Lab+Life Scientist Oct 2015

Page 35

healthy ageing

human tissue samples. Rather than looking for genes associated with disease or longevity, the researchers discovered that the ‘activation’ of 150 genes in the blood, brain and muscle tissue were a hallmark of good health at 65 years of age. From this, they were able to create a reproducible formula for ‘healthy ageing’ and use this to tell how well a person is ageing when compared to others born in the same year. The researchers used their ‘healthy age gene score’ to compare the RNA profiles of several 70-year-old subjects. Despite all subjects being born within a year of each other, their RNA demonstrated a very wide distribution in healthy age gene score, varying over a four-fold range. This variation was shown to link to long-term health, cognitive health and renal function. In particular, patients diagnosed with Alzheimer’s disease had an altered healthy ageing RNA signature in their blood and, therefore, a lower healthy age gene score, suggesting significant association with the disease. The correlation between a low score and cognitive

An international group of researchers has found a set of genes associated with ‘healthy ageing’ in 65-year-olds.

into a simple blood test to predict those most at risk of Alzheimer’s disease or other forms of dementia and age-related diseases. Given that early intervention © bonniemarie/Dollar Photo Club

How well are you ageing?

decline implies that the molecular test could translate

T

he scientists say their study, published in

the journal Genome Biology, provides the first practical

is important in Alzheimer’s, the score could even be integrated to help decide which middle-aged subjects could be offered entry into a preventative clinical trial many years before the clinical expression of Alzheimer’s. “This is the first blood test of its kind that has shown that the same set of molecules are regulated in both the blood and the brain regions associated with dementia, and it can help contribute to a dementia diagnosis,” Professor Timmons said. “This also provides strong evidence that dementia in humans could be called a type of ‘accelerated ageing’ or ‘failure to activate the healthy ageing program’.”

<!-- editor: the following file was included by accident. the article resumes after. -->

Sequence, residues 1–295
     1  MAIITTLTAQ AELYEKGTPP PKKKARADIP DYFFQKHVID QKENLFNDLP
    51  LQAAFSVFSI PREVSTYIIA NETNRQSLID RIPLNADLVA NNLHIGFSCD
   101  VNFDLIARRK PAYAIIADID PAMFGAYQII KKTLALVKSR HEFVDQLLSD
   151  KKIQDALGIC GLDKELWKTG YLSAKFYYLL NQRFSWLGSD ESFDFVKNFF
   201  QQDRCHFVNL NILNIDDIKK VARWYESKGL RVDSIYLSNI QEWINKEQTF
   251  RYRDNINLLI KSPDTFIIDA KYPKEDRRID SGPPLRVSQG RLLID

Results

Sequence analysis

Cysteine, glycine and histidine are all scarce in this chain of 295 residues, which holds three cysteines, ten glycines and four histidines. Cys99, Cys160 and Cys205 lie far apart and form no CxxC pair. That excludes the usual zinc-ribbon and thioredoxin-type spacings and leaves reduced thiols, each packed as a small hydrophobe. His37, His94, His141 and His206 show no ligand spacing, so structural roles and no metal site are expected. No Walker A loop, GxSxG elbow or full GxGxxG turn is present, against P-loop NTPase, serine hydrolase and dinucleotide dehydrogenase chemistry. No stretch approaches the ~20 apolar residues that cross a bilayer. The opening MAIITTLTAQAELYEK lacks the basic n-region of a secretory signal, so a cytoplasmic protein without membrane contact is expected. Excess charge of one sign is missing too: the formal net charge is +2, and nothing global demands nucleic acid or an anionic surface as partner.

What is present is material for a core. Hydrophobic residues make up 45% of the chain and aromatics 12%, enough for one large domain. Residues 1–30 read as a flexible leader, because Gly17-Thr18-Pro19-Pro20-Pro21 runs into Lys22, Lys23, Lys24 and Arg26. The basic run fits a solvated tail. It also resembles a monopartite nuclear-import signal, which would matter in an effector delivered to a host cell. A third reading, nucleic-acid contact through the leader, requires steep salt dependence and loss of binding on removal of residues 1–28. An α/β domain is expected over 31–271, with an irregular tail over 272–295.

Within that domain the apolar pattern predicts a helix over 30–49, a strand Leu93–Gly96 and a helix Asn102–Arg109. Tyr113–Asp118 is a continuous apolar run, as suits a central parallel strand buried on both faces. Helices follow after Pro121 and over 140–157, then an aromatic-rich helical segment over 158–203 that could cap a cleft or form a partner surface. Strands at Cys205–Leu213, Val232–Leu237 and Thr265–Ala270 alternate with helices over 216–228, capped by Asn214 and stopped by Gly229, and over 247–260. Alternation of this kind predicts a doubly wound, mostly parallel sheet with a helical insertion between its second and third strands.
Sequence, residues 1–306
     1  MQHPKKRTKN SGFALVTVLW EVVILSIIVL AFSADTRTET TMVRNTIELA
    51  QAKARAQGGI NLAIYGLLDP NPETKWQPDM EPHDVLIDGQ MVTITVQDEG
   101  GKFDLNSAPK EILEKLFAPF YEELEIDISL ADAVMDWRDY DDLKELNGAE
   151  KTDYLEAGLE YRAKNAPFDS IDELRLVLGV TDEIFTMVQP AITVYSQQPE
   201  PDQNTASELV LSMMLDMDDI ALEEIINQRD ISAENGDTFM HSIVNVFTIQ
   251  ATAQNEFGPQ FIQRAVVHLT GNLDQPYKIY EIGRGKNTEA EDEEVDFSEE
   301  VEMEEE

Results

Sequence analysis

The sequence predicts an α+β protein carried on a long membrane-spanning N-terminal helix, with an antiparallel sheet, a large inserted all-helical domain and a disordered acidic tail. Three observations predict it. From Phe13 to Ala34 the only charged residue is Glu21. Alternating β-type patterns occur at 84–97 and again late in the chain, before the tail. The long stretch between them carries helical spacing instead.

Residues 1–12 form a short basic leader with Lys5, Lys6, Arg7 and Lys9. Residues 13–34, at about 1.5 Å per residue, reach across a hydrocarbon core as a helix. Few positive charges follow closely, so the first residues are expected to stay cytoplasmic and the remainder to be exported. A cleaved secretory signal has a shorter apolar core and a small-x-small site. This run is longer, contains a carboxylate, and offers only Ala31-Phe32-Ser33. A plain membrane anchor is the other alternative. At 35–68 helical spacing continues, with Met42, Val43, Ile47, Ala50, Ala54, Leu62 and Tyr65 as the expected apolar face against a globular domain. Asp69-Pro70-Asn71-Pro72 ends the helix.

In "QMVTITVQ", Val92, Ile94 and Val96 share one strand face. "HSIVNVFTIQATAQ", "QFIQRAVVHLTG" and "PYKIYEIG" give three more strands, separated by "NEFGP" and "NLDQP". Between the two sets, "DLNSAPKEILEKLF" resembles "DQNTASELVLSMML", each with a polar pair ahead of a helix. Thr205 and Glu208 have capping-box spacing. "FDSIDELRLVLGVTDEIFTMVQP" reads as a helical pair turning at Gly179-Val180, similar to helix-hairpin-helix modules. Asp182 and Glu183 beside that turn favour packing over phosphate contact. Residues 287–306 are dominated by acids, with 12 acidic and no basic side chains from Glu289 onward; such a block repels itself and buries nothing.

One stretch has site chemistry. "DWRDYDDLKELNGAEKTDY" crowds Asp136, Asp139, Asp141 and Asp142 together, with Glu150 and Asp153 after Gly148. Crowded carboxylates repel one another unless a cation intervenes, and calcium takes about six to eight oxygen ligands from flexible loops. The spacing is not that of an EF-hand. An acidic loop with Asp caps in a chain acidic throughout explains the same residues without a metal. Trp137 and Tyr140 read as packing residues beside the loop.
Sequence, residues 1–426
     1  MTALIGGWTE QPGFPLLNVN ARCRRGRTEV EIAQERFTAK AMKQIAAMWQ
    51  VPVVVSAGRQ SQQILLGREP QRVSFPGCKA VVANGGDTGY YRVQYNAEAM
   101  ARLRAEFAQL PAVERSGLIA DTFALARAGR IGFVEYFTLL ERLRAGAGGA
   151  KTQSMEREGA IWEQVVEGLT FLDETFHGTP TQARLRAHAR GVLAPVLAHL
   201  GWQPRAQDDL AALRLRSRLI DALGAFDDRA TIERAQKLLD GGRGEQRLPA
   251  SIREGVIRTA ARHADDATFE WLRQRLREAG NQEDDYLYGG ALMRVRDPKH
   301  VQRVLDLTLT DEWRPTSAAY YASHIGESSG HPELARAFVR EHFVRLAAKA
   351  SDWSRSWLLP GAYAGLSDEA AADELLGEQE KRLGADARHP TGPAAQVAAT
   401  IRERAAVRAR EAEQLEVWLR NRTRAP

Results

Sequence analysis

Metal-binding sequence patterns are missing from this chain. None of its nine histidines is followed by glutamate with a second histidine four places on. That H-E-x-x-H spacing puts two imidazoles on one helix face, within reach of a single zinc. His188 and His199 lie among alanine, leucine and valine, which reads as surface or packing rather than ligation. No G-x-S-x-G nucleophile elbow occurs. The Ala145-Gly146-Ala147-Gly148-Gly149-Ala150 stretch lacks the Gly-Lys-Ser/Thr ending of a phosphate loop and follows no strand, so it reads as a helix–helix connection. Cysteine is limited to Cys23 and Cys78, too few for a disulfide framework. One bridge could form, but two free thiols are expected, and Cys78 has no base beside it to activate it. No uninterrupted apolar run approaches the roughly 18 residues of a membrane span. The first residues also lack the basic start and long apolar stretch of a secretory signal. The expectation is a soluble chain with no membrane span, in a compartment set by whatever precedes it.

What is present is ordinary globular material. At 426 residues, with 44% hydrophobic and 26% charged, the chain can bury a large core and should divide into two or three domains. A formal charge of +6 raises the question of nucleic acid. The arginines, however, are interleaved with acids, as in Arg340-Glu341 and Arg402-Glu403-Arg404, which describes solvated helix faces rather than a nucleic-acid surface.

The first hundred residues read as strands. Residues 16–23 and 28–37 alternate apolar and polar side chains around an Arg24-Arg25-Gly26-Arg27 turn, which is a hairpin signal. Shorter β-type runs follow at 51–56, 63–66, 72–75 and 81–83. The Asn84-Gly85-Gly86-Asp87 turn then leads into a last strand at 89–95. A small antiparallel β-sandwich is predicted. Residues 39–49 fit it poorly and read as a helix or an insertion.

and accurate test for the rate at which individual bodies

Additionally, the molecular test could enable

are ageing. It could thus lead to numerous insights

more suitable donor matching for older organ

in research, with ‘age’ being a critical factor in almost

transplants. It could also provide a more efficient way

every area of medicine.

of determining if an animal model of ageing is suitable

“Our discovery provides the first robust molecular

to evaluate the effectiveness of anti-ageing treatments.

‘signature’ of biological age in humans and should

Interestingly, a person’s healthy age gene score

be able to transform the way that age is used to

was not found to correlate with lifestyle-associated

make medical decisions,” said lead author Professor

conditions, such as heart disease and diabetes. It is

James Timmons, from the Division of Genetics and

therefore likely to represent a unique rate of ageing

Molecular Medicine at King’s College London. “This

largely independent of a person’s lifestyle choices.

includes identifying those more likely to be at risk of

Furthermore, the study does not provide insight

Alzheimer’s, as catching those at early risk is key to

into how to improve a person’s score and thus alter

evaluating potential treatments.”

their biological age.

The seven-year study, taking place at King’s

“We now need to find out more about why these

College London, Karolinska Institutet in Sweden and

vast differences in ageing occur, with the hope that

Duke University in the USA, used RNA profiling to

the test could be used to reduce the risk of developing

measure and compare gene expression in thousands of

diseases associated with age,” Professor Timmons said.

www.LabOnline.com.au | www.LifeScientist.com.au

LAB+LIFE SCIENTIST - October 2015 | 35